Academic journal article Journal of Marital and Family Therapy

A Virginia Tech Mft Ethics Class Reflects on the Shootings at Virginia Tech

Academic journal article Journal of Marital and Family Therapy

A Virginia Tech Mft Ethics Class Reflects on the Shootings at Virginia Tech

Article excerpt

The authors of this article include the professor and most of the students in a doctoral course on marriage and family therapy ethical and professional issues that met the semester that a disturbed student shot and killed 32 Virginia Tech students and faculty before killing himself. In this article, we reflect through short essays on issues related to the tragedy, ethics, and recovery.

Thirty three students and faculty died at Virginia Tech (VT) on April 16, 2007, and 24 others were wounded. At about 9:30 AM, Seung-Hui Cho systematically chained and locked the exit doors to Norris Hall, a VT classroom building, and walked from room to room and used two handguns to fire 174 times in 9 min at whomever he saw. Cho shot and killed himself as police broke through the exits he had chained. It started two hours earlier with his first two killings at West Ambler Hall across campus. Between then and the Norris Hall killings, Cho sent a rambling letter, photos, and video to NBC News headquarters in New York City. Since this was the largest mass murder ever on a college campus, and because of the shock of Cho's "PR package," this disaster received national and international attention for several weeks. It also turned our world at Virginia Tech upside down.

The authors of this article include the professor and most of the students enrolled in a doctoral course on ethical and professional issues in marriage and family therapy (MFT) the semester of the shootings. In this article, each of us reflects on personal, ethical, and professional issues related to the tragedy and continuing recovery. We wrote most of this article within the first month after the tragedy. While each of us reflects in a short essay on a substantive issue related to the disaster, we decided not to whitewash or edit out our own personal reactions-sometimes horror, grief, anger, shock, and confusion. Ours will not be a dispassionate account, nor should it be. Instead, our reflections represent an aesthetic form of qualitative representation, one that we hope will bring our experiences to life, connect on both intellectual and emotional levels, and invite self-reflection (Piercy & Benson, 2005). Our experiences may serve to inform family therapists when they find themselves at the interface of the personal and professional, as we did (cf., Dennis, Kunkel, Woods, & Schrodt, 2006).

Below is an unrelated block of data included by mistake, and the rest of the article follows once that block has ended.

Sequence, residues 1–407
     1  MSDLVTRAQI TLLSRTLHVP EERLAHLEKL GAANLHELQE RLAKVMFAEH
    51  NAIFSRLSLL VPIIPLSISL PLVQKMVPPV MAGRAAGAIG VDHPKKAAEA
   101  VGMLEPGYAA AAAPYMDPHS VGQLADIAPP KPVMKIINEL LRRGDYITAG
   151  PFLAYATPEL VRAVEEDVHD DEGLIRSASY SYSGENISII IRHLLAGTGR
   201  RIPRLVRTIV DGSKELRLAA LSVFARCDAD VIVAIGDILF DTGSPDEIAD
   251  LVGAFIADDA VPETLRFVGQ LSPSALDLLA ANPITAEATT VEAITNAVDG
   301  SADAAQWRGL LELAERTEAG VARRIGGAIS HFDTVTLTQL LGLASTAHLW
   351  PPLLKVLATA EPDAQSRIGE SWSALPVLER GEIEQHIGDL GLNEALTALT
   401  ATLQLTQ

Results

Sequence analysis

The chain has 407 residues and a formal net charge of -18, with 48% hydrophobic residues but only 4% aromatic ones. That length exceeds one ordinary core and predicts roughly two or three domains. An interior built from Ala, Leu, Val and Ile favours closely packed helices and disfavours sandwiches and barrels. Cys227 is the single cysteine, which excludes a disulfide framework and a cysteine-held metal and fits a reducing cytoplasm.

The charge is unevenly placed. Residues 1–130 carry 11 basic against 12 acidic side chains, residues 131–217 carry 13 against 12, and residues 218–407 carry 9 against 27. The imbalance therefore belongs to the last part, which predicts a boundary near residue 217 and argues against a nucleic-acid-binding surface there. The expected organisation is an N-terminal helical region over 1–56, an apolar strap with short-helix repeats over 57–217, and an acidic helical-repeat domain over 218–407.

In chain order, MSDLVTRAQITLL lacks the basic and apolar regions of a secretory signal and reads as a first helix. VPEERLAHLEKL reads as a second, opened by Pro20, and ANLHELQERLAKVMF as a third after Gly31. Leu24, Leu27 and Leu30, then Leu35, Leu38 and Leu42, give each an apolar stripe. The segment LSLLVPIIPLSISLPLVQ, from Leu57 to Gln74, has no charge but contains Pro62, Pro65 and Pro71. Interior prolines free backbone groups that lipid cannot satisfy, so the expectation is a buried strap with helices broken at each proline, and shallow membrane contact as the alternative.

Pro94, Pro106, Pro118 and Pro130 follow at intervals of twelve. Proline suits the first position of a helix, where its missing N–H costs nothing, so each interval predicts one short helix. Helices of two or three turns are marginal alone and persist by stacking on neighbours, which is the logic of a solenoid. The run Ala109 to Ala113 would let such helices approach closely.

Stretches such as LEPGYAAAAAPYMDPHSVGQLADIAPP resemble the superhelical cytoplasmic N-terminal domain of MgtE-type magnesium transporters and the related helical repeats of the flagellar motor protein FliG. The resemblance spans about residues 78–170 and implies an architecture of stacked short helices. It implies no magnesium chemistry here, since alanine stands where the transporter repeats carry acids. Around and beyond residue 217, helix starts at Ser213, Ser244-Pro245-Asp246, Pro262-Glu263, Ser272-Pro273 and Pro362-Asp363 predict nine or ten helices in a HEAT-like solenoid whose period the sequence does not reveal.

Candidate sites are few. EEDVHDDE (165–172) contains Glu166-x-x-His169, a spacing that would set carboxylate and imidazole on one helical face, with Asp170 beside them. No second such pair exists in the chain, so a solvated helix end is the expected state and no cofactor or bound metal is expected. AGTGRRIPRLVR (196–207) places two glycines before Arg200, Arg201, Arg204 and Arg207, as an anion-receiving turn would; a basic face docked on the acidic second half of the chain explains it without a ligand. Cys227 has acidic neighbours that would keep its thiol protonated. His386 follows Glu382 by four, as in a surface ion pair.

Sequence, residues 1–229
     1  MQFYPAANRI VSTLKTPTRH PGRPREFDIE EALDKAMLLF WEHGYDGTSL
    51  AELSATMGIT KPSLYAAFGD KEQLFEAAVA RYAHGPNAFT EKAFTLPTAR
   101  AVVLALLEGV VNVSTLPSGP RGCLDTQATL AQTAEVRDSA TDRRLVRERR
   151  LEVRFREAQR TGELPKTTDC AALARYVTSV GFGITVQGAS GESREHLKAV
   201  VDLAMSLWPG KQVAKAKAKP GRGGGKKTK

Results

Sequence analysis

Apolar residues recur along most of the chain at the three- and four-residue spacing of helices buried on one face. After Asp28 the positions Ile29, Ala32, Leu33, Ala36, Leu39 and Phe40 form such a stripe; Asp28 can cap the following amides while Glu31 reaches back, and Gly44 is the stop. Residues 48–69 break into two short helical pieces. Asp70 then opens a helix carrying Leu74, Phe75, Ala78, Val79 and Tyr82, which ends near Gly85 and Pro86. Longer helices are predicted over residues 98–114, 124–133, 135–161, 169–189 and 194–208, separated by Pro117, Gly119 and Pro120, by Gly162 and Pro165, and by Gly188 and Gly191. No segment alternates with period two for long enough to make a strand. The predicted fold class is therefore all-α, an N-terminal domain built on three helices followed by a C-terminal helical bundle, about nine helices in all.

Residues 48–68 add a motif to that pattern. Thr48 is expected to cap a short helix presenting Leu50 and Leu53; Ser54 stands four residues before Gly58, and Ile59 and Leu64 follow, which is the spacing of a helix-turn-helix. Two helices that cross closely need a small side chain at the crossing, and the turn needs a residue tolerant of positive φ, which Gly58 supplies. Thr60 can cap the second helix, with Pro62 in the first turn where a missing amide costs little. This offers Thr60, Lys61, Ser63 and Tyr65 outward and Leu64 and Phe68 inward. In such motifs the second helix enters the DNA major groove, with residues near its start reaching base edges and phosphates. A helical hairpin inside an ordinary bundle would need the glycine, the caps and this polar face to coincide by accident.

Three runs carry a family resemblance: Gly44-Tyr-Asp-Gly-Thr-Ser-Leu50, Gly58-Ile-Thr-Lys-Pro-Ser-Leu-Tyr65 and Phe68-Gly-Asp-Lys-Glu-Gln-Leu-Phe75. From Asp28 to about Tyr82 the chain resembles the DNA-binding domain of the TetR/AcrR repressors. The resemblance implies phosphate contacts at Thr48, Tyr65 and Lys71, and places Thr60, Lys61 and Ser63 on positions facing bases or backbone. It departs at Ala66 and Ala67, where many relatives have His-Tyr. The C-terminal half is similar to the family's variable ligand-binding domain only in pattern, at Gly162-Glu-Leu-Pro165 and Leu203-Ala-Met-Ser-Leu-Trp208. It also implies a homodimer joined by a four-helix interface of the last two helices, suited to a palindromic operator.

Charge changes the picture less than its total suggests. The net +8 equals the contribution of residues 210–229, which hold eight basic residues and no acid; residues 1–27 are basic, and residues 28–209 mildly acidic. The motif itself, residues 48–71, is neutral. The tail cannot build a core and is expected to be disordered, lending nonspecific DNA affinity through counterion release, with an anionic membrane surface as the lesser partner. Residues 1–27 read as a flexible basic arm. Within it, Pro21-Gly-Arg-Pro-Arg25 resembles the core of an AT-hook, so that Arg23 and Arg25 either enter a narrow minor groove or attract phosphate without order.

The essays that follow are personal accounts and independent reflections. We did not try to speak with one voice. We respect the varied perspectives of our colleagues and believe that the range of experiences and points of view should raise important issues for discussion.

NO STYLE POINTS

Fred P. Piercy

An Indonesian graduate student I knew was shot four times and fell on top of the husband of my son's co-worker, who was shot three times and laid still, pretending to be dead. The Indonesian's dead body on top of him probably saved his life. In so many ways, we at Virginia Tech are connected in the midst of this tragedy.

A few days after the shootings, colleague Maggie Keeling and I were asked to speak to several faculty and staff groups about how to discuss the shootings with students, the symptoms of trauma, coping strategies-basically how to slog through. I told them that getting through the tragedy wasn't like the Olympics. There are no awards for how fast you get through, and certainly no style points. Slogging is just fine. Each group had similar concerns. How much sharing is too much? What should I say about the dead or wounded students who aren't in their chairs today? What is respectful and what is invasive? Should I hug a student? Many of the issues seemed to relate to informed consent. About hugging, one woman said, "I just say, do you need a hug?" Some had little problem with giving and receiving hugs at a time like this. Others would never hug a student, even in the midst of this tragedy.

As department head, I sent out the following letter to our students and faculty:

Dear Friends,

It has been only 6 days since our collective tragedy. …

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